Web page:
Mar 30, 2011
  • anon

    The USPS is the most management heavy organization in the United States. While management slashes and moves around clerk and mailhandler jobs, almost no cutting is being done in management numbers. HOW MANY FEWER MANAGERS ARE THERE NOW THAN THERE WERE TWO YEArS AGO, COUNTING ALL THE "VICING" MANAGERS AT ALL LEVELS. Until there is a major restructuring of USPS management, recommended by an outside firm, the USPS is headed for imminent bankruptcy. The USPS is in a death spiral and unless there is serious cost cutting among management hours, it will die off.

    Jun 12, 2010
  • anon

    A year ago we were told that HQ was going to reduce the number of District Offices from 80 to 50. OK, so they elimated six districts -- when are they going to remove the other 24? HQ should have done all 30 at the same time. And why on earth do we need 8 areas? The Western Area already covers half of the US so why not just add CA & HA to them, draw a horizontal line across the middle of the eastern part and call one the Northeast Area and the other the Southwest Area?

    Jun 08, 2010
  • anon

    I think OIG is in bed with Postal HQ, Area, and DM's. That is why nothing is changing

    Jun 01, 2010
  • anon

    We seem to all be of a like mind. Get rid of the "good ol' boy" system of promotion. And fire abusive management who have many grievances against them. Stop the lateral movement of those people to another office! How much money could the PO save with that? That's a no brainer; millions! What we want to know is why Obama still keeps Potter as PMG? He as President, has the right to appoint someone else. Someone who will get rid of all this unnecessary upper-management.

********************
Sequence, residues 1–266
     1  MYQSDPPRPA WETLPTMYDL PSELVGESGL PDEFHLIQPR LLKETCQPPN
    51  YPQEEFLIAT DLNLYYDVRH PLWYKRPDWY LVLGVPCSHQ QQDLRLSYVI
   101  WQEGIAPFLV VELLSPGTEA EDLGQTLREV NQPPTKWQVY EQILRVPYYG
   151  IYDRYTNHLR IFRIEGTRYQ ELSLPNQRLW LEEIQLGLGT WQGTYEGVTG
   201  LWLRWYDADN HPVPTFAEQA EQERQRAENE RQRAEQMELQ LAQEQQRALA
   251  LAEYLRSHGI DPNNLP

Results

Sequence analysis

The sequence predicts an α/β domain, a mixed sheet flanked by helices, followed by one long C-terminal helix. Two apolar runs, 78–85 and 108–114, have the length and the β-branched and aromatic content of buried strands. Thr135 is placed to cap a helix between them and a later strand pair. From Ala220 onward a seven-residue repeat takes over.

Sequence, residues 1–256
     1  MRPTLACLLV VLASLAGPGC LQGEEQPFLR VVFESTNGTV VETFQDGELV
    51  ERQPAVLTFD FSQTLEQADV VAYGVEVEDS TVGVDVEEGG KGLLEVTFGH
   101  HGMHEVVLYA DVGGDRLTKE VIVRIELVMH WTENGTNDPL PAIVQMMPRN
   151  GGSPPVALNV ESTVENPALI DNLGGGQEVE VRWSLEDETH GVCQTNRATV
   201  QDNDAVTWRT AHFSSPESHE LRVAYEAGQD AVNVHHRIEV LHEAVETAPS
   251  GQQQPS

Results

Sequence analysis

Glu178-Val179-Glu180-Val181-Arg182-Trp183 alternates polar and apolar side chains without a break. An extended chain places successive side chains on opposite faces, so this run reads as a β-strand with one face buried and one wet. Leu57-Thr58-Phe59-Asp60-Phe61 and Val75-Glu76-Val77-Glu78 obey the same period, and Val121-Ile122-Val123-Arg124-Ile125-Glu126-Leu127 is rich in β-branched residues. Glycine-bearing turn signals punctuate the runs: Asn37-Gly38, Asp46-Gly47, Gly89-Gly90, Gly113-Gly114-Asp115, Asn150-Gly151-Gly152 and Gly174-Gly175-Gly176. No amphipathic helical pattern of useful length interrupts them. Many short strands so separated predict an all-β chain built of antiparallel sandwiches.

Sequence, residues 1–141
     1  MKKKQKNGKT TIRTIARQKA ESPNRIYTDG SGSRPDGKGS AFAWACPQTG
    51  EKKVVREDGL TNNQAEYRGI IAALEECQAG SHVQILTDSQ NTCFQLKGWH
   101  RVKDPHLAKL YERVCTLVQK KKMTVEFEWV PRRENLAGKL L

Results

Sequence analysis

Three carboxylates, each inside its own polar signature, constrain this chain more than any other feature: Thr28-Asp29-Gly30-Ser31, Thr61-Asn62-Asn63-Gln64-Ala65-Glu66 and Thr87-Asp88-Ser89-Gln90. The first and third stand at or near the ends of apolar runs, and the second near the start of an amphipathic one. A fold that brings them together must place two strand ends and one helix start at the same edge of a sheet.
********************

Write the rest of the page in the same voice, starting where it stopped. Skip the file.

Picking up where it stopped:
May 30, 2010
  • anon

    There needs to be a check as to why a special mail truck has to deliver mail 6 days a week to only a half block on Dwight Street here in Colonial Beach, VA, when all the other streets (residents) here in Riverside Meadows receive the mail by rueal carrier. The delivery is made even if its only one house on the half block has mail that day. This is truly a waste of money, when the rural carrier past right by at both ends of the street. The rural carrier delivering to this street would sve gas, time, wear on the mail trucks. This multiplied 6 times a week by 52, woow what a savings. Have the rural carrier deliver to Dwight, money saved for the Post Office.

    May 29, 2010
  • anon

    Here Here!!!!!!!!!!!!!!!! PM-Bill Miller-Obvious Observer-Dionysus-Mike B- Ex Area Employee!!!!!!!!!!!!!!!!!!!!!!!! Congressman Stephen Lynch, son of an union Ironworker in a generation when you earned you eight hours are you seeing this??? Senator Durbin & Senator Collins, can you hear this sanity???? Does the new Business Model Apply?

    May 28, 2010
  • anon

    All that the area and POOM level management is used for is to roll the information downhill from the area and HQ, and with all offices being online now, that is no longer necessary-their work is redundant............

    May 28, 2010
  • anon

    So many layers of management.A local office with a PM,or OIC,plus two supervisors must get permission from some other upper manager for everything,i.e. OT approval,supply buys,etc.Why are local offices staffed with so much management,if they aren't allowed to scratch their noses without permission? What a GIANT waste of dollars.

    May 27, 2010
  • anon

    Too many layers of upper management exist...without any accountability. Area and District Managers are totally out of control. Postal HQ has never dealt with it either. Postal HQ people need to go. It is time for a total restructuring of the USPS.

    May 27, 2010
  • anon